Last year, we wrote about how captains can create goals and set expectations for spring semester.
We got a lot of great feedback on that post, so we decided to sextuple our efforts! We spoke with 6 more college captains at varying levels about how they set team goals. Read on to learn from their distilled wisdom.
It's clear that every team is different, so the final goals that are right for one team might not fit another. But we did find some pretty consistent themes and strategies emerge from these teams about what goal-setting techniques work for them and what advice they have for first-time captains.
Let's dig in.
know what kind of goal you're looking for
Step one is to understand what a good team goal is. Yes, we basically just told you to set a goal for a goal.
Here's what our captains said they aim for when identifying their team goals:
"Focus on setting SMART goals - Specific, Measurable, Attainable, Realistic, and Timely - at both the team and individual levels." -John Mattes, Central Washington Ultimate
"Make them tangible enough to really believe in, but challenging enough that you'll be extremely proud of reaching it, or at least getting very, very close." -Shayla Harris, Stanford Superfly
"Set goals that focus your players on improvement over time rather than simple tournament results." -Bryce McLaughlin, Claremont Braineaters
talk to previous captains
Unsure where to even start? Four of our six captains agree that consulting captains from seasons past is perhaps the best first step towards setting good team goals.
"Talk with captains from the previous year about how their season goals played out with different people on the team. That way this year's leadership has intimate knowledge of past team successes and shortcomings, how it affected our game, and how to build upon the progress already achieved." -John Mattes, Central Washington Ultimate
"Asking past leaders and players questions like "Looking back at the season, what do you think worked well? What didn't? What would you change?" has worked really well in giving new leadership direction for the upcoming season." -Ella Hansen, Oregon Fugue
By understanding the successes and failures of the past, you can start to build well-crafted team goals for the upcoming season.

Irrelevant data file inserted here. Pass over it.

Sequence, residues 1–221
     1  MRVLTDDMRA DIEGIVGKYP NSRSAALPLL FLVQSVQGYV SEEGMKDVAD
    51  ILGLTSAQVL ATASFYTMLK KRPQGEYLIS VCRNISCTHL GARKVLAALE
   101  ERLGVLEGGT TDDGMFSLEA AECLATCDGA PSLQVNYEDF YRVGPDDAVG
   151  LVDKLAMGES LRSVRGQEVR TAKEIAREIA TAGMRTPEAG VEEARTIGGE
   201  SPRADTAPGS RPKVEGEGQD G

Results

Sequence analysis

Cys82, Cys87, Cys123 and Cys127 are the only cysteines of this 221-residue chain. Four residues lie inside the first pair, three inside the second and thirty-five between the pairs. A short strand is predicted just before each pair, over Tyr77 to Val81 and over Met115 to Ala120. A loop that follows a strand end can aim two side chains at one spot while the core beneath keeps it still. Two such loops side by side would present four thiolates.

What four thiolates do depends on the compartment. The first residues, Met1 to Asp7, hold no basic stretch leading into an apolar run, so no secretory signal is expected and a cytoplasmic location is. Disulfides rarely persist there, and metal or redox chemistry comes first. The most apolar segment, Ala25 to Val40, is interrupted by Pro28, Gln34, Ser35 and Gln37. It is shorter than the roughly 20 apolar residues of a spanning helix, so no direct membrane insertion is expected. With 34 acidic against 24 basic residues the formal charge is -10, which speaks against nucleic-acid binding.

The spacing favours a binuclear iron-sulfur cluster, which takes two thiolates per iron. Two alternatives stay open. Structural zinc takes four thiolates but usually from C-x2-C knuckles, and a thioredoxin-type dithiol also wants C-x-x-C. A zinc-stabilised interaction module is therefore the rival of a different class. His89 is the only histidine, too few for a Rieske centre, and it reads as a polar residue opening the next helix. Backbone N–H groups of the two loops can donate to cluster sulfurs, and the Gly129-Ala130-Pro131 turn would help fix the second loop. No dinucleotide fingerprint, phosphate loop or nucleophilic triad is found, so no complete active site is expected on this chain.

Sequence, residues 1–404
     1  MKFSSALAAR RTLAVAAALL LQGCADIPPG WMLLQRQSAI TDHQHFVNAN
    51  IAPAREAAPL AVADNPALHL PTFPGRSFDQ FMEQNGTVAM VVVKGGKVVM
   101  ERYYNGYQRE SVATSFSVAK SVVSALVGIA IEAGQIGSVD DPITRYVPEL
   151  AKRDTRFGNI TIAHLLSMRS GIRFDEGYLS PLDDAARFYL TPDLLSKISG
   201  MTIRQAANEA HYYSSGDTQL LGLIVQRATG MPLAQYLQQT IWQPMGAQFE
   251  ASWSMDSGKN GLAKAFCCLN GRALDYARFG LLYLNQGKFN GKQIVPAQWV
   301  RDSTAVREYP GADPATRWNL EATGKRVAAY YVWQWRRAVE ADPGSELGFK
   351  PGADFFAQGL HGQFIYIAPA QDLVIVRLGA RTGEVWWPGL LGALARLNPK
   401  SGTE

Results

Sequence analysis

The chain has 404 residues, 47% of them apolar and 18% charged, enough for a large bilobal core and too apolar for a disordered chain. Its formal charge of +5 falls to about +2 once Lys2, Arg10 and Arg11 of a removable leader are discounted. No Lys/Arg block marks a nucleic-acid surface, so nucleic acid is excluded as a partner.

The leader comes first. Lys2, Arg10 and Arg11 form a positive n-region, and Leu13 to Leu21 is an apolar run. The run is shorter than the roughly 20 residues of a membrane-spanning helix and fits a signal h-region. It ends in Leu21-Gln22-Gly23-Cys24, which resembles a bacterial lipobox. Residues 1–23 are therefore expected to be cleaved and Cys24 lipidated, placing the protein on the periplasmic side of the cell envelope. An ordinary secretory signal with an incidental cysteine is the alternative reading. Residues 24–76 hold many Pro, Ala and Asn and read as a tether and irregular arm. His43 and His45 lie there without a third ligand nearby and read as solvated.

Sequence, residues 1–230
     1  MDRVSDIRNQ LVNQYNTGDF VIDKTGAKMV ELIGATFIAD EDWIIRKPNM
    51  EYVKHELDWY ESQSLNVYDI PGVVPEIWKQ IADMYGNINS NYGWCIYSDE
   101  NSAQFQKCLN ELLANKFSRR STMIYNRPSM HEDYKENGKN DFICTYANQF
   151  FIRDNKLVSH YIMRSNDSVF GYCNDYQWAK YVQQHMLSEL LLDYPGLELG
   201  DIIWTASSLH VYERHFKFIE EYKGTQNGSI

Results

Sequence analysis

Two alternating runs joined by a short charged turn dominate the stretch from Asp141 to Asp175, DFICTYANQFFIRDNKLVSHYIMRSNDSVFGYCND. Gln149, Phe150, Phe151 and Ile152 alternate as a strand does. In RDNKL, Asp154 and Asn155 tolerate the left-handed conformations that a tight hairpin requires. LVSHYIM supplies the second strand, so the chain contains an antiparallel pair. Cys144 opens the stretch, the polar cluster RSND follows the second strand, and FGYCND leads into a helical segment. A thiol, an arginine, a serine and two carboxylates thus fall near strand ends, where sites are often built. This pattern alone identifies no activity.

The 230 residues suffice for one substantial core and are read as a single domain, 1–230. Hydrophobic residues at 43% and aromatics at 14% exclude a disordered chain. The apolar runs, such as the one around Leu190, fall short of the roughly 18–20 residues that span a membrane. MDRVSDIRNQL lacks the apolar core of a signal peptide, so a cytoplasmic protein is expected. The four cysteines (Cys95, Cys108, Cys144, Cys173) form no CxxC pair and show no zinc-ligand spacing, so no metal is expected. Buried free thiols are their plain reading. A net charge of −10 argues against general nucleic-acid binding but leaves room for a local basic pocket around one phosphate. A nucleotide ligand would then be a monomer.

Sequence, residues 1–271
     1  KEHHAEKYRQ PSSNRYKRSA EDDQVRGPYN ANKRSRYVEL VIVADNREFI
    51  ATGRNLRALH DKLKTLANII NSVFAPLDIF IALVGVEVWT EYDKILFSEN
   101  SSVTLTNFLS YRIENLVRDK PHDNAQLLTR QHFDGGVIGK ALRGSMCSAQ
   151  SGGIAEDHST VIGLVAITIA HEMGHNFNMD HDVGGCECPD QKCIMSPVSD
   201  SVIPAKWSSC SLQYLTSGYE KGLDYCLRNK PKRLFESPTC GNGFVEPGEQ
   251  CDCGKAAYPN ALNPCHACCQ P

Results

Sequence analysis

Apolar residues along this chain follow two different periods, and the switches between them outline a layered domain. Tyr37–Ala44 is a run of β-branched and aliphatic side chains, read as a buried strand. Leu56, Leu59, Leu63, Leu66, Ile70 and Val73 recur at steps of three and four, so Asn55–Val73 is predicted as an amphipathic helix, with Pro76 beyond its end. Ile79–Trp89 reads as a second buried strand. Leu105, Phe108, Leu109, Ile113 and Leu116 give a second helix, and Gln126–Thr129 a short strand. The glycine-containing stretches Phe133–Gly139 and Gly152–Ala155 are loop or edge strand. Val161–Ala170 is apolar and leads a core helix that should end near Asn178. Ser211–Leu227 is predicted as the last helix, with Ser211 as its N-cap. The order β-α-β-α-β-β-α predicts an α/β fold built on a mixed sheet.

consider your teammates
There's a lot for a captain to think about when goal-setting, probably most importantly: the 25+ differing opinions of her teammates.
"A lot of season planning comes down to reconciliation and thinking of ways to bridge distinctly different goals. Some of our players prioritize getting a bid to Natties, while others care more about having fun." -Ella Hansen, Oregon Fugue
Spoiler alert: the secret is to find the common ground.
"We have captains and players that prioritize fun, and we have captains and players that prioritize winning. So coming to an agreement as a unit early on is imperative for our team's success." -John Mattes, Central Washington Ultimate
"Though they seem very different, we've found that we play our best when we are having fun, and we enjoy ourselves the most when we are successful - so fun and winning can actually go hand in hand." -Shayla Harris, Stanford Superfly
"The primary people whose goal it is to win Nationals aren't trying not to have fun, and those looking to just have fun are also trying their hardest to win, too. So trying to understand and work with all of those identities and trusting that your teammates are working hard - even if it's not how you picture it for yourself.
It's okay that not everyone has the same goals, it's just a matter of reconciling them such that both sides understand one another as to ensure that everyone has a positive experience." -Ella Hansen, Oregon Fugue
learn about different types of goals
We talked abotut a 3-step goal-setting framework in our previous goal-setting post known as the Outcome / Performance / Process framework. Turns out, a lot of our captains use elements from this framework as well!
The first type of goal is an outcome goal - a binary goal with a distinct measure, such as winning a tournament.